Wednesday, April 8, 2015

Celestial Timekeeping

View of the fall equinox sunrise from the reconstructed Woodhenge sun calendar at Cahokia Mounds. Image Courtesy of William R. Iseminger and the Archaeological Conservancy.
View of the fall equinox sunrise from the reconstructed
 Woodhenge sun calendar at Cahokia Mounds.
 Image Courtesy of William R. Iseminger and the Archaeological Conservancy.
Spring 2015.
David Malakoff, of American Archaeology, has written a detailed overarching article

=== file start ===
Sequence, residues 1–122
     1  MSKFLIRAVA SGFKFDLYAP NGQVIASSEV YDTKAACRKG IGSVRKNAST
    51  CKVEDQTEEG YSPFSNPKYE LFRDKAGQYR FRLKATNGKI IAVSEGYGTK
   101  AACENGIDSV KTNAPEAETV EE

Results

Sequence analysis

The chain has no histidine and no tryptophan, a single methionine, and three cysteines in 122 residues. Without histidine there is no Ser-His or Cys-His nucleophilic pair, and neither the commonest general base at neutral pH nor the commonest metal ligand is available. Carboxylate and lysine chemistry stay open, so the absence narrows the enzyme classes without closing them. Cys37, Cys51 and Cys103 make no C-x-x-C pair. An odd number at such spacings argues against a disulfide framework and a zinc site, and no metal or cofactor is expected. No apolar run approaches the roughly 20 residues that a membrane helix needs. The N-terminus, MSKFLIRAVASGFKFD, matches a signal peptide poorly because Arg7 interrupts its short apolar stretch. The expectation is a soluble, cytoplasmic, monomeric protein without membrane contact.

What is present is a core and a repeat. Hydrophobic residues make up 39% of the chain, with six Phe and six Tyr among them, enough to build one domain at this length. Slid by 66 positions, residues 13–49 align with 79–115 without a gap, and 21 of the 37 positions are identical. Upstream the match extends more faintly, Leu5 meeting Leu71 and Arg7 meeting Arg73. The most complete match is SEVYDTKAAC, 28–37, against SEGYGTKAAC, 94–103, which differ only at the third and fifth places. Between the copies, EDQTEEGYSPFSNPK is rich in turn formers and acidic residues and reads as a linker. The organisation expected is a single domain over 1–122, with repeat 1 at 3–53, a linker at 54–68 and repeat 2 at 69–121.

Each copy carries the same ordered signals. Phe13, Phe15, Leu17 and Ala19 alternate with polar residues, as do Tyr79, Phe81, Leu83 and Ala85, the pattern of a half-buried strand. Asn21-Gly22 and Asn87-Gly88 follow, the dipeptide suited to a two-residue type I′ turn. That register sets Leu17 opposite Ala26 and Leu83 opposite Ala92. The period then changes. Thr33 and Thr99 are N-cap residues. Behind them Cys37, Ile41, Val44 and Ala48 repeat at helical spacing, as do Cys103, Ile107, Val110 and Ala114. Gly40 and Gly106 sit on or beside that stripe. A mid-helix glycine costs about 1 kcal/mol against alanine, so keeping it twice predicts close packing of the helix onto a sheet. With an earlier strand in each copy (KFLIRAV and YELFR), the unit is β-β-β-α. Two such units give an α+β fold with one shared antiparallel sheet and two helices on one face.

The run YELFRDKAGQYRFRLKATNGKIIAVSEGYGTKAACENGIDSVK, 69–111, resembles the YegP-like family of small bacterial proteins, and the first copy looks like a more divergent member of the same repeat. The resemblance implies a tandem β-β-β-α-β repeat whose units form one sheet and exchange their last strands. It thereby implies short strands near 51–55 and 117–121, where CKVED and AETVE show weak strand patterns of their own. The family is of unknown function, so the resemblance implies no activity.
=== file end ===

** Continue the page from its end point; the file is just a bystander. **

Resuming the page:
about the importance, frequency, and variety in celestial timekeeping
within ancient Central and North America.

"In recent decades, researchers have identified numerous sites in Central and North America where buildings, mounds, ceremonial spaces, and pathways line up with solstice and equinox sunrises, as well as other key movements of the moon, planets, and stars. The sites, some of which are 5,000 years old, are giving scholars a clearer picture of just how extensively prehistoric Americans may have used celestially-oriented art and architecture to gauge the movement of time."

To read the full article, subscription to American Archaeology is required.
Additional photos relating to the issue can be found here.

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